Havelock News
  • Editorial: A combined effort for Cherry Point

  • We’re not completely convinced that two-hour meetings involving a bunch of men wearing ties is ever a good idea.
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  • We’re not completely convinced that two-hour meetings involving a bunch of men wearing ties is ever a good idea.
    It seems many such meetings are often all talk with little action. Committees are formed and action plans are made, and in the end, the only result is a report with too many words on too many pages.
    We don’t need to look any further the Military Growth Task Force to find an example. It formed in response to an expected influx of new Marines to bases at Camp Lejeune, Cherry Point and New River.
    The impact was expected to be widespread — roads, schools, housing, medical facilities — and action was said to be needed on the part of city and county governments to prepare.
    An 860-page report was created, but before any of the recommendations could really get put into action, the Pentagon announced a Marine Corps drawdown that basically negated any long-term impacts from new Marines and their families.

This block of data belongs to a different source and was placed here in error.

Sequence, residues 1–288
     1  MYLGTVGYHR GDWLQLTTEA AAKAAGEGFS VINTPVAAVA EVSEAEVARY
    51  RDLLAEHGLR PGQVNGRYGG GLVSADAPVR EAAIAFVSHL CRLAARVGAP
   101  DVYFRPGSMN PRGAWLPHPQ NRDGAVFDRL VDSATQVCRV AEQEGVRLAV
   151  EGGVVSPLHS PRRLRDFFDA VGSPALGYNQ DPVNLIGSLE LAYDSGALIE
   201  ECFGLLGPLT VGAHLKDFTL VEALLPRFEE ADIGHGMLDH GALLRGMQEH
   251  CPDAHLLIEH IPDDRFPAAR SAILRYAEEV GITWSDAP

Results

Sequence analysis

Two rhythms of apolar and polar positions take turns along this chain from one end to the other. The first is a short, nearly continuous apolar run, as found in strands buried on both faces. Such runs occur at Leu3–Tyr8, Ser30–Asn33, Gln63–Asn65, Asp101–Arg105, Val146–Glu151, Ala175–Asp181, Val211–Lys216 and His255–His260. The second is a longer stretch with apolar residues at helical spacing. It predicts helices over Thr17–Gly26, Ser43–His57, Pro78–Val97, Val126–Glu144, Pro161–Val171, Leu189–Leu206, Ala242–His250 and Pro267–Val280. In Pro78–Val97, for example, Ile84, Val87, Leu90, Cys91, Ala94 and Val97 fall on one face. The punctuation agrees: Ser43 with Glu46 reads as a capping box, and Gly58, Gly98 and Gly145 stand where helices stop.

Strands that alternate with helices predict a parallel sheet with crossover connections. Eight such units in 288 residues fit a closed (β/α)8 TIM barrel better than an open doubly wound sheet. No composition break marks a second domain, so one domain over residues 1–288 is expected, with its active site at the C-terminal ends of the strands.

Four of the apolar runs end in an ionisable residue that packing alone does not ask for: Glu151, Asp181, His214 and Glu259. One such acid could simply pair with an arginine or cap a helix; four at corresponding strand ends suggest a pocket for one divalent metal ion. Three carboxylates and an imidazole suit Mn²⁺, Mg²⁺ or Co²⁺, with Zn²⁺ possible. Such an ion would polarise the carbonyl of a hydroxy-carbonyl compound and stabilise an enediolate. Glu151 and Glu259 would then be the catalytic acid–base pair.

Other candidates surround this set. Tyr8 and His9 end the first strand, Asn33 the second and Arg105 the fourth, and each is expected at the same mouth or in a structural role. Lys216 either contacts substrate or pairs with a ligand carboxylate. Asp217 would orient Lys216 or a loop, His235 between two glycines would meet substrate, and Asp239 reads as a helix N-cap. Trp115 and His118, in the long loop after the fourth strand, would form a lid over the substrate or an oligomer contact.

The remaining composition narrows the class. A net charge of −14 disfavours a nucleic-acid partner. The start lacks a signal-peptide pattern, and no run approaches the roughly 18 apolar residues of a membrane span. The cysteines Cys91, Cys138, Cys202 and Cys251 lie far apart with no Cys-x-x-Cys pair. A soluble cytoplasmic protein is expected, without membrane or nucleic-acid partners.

Tuesday’s meeting that involved city and county officials, members of the Allies for Cherry Point’s Tomorrow, and other business and community leaders at the Havelock Tourist and Event Center was not such a waste of time as that.
    The group heard from a Washington lobbyist hired by the county to help protect Cherry Point and Fleet Readiness Center East from possible defense cuts — or worse, possible closure.
    The lobbyist didn’t necessarily offer us any new information during the meeting. After all, base encroachment has long been considered a major issue and city, county and state officials have set about trying to protect the base’s borders.
    We knew already that Cherry Point and its bombing ranges are not only important to the Marine Corps but also to the Navy and Air Force as well.
    A suggestion about getting a major project that the Department of Defense can’t live without at Cherry Point is a little bit of a no-brainer as far as base protection is concerned, but finding the project amid the ever-tightening defense budget is another matter.
    Still, we thought the meeting was productive, if nothing else to get all the parties that have concerns about the base together under one roof. Plus, we say it’s always important for residents whose tax money paid for the lobbyist to get information so they can determine if the money was well spent.
    We have no doubt that this year and the next several will be important to the future of Cherry Point, and thus the economic future for all of us. If nothing else, the meeting showed residents that area officials are concerned. We hope that these leaders continue to work together to develop the strategies that can protect Cherry Point and the region’s future. 
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